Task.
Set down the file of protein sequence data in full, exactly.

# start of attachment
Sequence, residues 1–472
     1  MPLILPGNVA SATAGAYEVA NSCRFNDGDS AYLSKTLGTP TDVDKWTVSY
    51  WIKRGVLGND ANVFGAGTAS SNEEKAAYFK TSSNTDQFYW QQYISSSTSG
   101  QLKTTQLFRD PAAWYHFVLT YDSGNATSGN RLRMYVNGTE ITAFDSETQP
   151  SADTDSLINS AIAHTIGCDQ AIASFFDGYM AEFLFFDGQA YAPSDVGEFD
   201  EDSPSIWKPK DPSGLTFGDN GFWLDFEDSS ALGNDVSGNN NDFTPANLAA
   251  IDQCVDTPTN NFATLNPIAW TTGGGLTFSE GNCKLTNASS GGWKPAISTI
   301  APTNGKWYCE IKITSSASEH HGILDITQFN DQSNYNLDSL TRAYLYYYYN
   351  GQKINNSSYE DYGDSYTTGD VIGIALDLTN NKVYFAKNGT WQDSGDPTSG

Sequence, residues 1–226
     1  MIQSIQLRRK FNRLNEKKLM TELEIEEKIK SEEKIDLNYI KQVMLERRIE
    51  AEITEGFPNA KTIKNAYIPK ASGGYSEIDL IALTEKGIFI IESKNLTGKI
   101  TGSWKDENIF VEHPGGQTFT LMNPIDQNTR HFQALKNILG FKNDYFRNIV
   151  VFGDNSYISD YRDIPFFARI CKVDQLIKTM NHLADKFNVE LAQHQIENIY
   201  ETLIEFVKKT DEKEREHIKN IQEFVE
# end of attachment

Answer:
Sequence, residues 1–472
     1  MPLILPGNVA SATAGAYEVA NSCRFNDGDS AYLSKTLGTP TDVDKWTVSY
    51  WIKRGVLGND ANVFGAGTAS SNEEKAAYFK TSSNTDQFYW QQYISSSTSG
   101  QLKTTQLFRD PAAWYHFVLT YDSGNATSGN RLRMYVNGTE ITAFDSETQP
   151  SADTDSLINS AIAHTIGCDQ AIASFFDGYM AEFLFFDGQA YAPSDVGEFD
   201  EDSPSIWKPK DPSGLTFGDN GFWLDFEDSS ALGNDVSGNN NDFTPANLAA
   251  IDQCVDTPTN NFATLNPIAW TTGGGLTFSE GNCKLTNASS GGWKPAISTI
   301  APTNGKWYCE IKITSSASEH HGILDITQFN DQSNYNLDSL TRAYLYYYYN
   351  GQKINNSSYE DYGDSYTTGD VIGIALDLTN NKVYFAKNGT WQDSGDPTSG

Sequence, residues 1–226
     1  MIQSIQLRRK FNRLNEKKLM TELEIEEKIK SEEKIDLNYI KQVMLERRIE
    51  AEITEGFPNA KTIKNAYIPK ASGGYSEIDL IALTEKGIFI IESKNLTGKI
   101  TGSWKDENIF VEHPGGQTFT LMNPIDQNTR HFQALKNILG FKNDYFRNIV
   151  VFGDNSYISD YRDIPFFARI CKVDQLIKTM NHLADKFNVE LAQHQIENIY
   201  ETLIEFVKKT DEKEREHIKN IQEFVE